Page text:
In my twenty fourth year I moved across the country, said a final goodbye to my Grandfather, started a new job, attended the Accessory Awards in New York, hung out in South Korea, made a new life for myself, while meeting some of the greatest people on this planet. Without them... I would not be the new woman I am today.

So in the spirit of twenty four and in anticipation of the big 2-5, here's a list I compiled of things I believe you need to do when you're twenty-four...(or as Britney Spears would say, not a girl... not yet a womannn...)

1. Travel. Travel. Travel. And I don't mean across the globe. I mean to the town twenty minutes away that you haven't been to yet. Your neighboring state. Hell, go travel to your next door neighbor! But get out there. Meet and connect. Sparks are the best when they're unexpected.

2. Move away from home. You can do it. When I flew from my hometown to my new city I had never been so scared in my life. What if I failed? What if I locked myself out of my apartment? What if I got lost and couldn't find my way back? This actually was a legitimate fear of mine as I still use GPS to get to the grocery store. But do it. You'll get lost. You'll have nights where you beg your friends to visit. And there will be times you think you made a mistake...but you didn't. You're growing up.

3. Challenge your circle. Look at the people you surround yourself with and ask, "Does this group of people reflect the person I am wanting or am currently becoming?" Because as an adult your friends are a reflection of YOU. Choose them wisely and love them intensely.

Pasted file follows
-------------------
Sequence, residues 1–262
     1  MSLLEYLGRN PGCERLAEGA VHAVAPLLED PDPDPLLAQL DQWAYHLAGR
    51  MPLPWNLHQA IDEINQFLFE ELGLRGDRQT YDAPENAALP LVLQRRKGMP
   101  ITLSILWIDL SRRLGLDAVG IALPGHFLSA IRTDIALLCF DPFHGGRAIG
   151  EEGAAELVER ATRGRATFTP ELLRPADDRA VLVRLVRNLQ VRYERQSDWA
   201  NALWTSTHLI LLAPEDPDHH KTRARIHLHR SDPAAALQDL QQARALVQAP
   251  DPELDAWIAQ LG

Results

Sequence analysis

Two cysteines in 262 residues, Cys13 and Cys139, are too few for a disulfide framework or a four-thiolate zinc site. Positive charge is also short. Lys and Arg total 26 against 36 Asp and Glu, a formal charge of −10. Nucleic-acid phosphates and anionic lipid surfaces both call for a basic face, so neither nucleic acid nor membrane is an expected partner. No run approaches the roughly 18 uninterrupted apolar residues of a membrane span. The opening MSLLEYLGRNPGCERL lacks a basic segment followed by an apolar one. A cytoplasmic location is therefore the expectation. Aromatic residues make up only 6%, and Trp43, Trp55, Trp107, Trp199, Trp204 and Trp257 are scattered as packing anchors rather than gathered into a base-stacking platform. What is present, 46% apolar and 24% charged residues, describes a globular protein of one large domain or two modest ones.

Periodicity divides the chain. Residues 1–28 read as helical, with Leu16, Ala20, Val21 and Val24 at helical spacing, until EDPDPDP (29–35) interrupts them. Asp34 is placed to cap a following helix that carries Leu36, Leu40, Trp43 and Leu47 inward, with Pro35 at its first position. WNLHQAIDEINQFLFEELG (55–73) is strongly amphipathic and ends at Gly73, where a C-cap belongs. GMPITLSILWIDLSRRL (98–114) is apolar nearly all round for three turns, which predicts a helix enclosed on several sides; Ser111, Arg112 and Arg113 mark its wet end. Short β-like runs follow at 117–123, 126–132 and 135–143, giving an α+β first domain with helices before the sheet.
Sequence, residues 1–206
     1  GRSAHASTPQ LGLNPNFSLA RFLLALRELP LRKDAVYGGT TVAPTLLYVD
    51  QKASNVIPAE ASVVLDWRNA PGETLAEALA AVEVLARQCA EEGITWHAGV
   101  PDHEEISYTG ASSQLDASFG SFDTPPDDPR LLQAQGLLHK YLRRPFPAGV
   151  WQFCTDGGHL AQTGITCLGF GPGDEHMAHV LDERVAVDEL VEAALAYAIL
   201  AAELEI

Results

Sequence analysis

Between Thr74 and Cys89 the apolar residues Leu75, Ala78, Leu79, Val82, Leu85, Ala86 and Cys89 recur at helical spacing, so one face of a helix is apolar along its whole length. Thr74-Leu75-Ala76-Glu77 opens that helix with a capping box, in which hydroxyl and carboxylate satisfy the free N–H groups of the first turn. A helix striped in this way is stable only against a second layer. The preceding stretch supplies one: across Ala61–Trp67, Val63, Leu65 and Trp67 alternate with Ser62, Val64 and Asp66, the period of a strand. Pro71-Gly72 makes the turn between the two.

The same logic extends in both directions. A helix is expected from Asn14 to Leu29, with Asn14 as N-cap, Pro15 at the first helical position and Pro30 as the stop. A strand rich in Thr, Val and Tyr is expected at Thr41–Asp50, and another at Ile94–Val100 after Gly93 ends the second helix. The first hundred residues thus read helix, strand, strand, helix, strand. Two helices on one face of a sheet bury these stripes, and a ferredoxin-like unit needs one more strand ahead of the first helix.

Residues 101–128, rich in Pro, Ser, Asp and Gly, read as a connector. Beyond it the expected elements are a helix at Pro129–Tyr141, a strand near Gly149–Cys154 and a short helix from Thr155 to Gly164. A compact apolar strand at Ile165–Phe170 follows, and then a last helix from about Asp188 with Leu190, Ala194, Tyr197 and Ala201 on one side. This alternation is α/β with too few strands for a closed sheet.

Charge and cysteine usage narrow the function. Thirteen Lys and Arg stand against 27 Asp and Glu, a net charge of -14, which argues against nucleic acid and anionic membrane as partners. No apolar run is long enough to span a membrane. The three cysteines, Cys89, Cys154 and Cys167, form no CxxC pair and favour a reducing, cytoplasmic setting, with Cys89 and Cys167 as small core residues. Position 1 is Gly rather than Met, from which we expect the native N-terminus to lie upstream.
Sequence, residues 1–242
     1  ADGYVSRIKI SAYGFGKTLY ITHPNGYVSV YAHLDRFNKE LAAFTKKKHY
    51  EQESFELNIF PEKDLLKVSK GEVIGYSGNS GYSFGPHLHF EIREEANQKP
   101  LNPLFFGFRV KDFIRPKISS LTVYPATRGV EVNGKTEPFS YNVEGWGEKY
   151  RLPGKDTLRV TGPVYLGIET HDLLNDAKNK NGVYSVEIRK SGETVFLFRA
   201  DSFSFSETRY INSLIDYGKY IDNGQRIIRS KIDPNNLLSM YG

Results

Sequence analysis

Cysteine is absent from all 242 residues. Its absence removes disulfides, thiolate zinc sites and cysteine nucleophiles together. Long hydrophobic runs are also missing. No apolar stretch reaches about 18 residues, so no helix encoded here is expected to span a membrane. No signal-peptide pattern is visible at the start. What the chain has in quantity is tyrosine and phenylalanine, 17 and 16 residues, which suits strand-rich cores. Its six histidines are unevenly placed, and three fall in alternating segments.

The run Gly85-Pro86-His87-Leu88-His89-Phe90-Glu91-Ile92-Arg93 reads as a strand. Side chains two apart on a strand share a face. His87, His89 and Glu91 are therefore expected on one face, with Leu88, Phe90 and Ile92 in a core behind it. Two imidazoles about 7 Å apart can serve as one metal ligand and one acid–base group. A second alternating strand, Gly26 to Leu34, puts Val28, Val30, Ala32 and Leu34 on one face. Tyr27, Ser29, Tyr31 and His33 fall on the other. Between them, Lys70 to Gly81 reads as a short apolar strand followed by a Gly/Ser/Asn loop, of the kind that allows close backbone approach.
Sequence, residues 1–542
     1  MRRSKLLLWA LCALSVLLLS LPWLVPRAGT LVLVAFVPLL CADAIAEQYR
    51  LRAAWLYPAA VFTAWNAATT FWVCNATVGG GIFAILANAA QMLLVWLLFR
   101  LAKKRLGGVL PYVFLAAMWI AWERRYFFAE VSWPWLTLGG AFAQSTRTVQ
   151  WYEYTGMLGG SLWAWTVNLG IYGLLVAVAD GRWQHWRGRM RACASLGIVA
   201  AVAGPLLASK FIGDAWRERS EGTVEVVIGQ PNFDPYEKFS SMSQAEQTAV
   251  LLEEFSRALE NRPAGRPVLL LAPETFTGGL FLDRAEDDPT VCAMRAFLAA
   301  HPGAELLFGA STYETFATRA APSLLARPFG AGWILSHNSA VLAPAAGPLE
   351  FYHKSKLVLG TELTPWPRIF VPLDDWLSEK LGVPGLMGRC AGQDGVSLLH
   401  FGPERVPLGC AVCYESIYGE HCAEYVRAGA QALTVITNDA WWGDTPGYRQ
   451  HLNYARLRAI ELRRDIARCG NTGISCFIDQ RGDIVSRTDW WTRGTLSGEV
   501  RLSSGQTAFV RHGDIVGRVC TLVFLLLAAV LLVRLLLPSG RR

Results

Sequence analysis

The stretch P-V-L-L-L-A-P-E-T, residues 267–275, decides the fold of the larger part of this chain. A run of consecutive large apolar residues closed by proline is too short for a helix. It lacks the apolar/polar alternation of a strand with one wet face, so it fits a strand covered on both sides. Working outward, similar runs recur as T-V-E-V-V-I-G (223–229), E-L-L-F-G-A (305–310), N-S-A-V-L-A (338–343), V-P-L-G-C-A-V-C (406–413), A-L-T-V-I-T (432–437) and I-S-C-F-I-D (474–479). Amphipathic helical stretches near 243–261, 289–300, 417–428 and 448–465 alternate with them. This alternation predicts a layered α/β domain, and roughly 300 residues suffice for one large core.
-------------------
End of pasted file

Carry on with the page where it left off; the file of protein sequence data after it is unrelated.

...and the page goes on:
4. Increase your car knowledge. Learn a little bit about your car, or enough that when you go to get your oil changed that you don't agree to a zillion dollars worth of "repairs." Because I did.

5. Budget. Mistakes are costly...see #4.

6. Find a hobby. Remember that thing you used to do as a kid after school? Start doing that again. Unless its weird... then maybe find a new thing.

7. Celebrate the little wins. At twenty-four there are a lot of little moments when you're just winning, but they come in tiny packages. Enjoy them. Go grab drinks and cheers till you stumble. The little wins get you to tomorrow, and tomorrow could mean something BIG.

8. Accept that your path is not everyone's. I am not getting married. I have a ton of friends who are (can't wait to own that dance floor) and that's ok. People fall in love and agree to forever when they're ready... not because it's next on the To-Do List.

9. Lose your lists. Life is not a "To-Do" list where you get to check everything off. Most of the time (if you're doing it right) you won't get to half of your "to-do's" because life happens. Life cannot be contained to a list. Lists are for groceries. Again, see #8.

10. Be Selfish. This is your time and you're only going to get one shot at life where the only person that matters is you.  When you're improving yourself, you're preparing for the next big adventure. And there is nothing worse than having an adventure show up at your door that you're not ready for.

And in words better than my own, I leave you with this...

"To each there comes in their lifetime a special moment when they are figuratively tapped on the shoulder and offered the chance to do a very special thing, unique to them and fitted to their talents.
What a tragedy if that moment finds them unprepared or unqualified for 
that which could have been their finest hour."

Be ready. Be loving. Be traveling. Be twenty-four. 

Because if you're not twenty-four, you'll never be ready for twenty-five.



The Break Up

Ever since I was a child, I have lived a life "on the go." I rarely pause and open the doors to my closeted thoughts and emotions. When I feel something unpleasant I put it in the same box that I would an ex boyfriend's possessions. I find some space in my walk in and slip the box neatly in a dimly lit corner and prance on my merry way. I'm a "go-go girl." The problem being that a "go-go girl" doesn't quite know how to stop.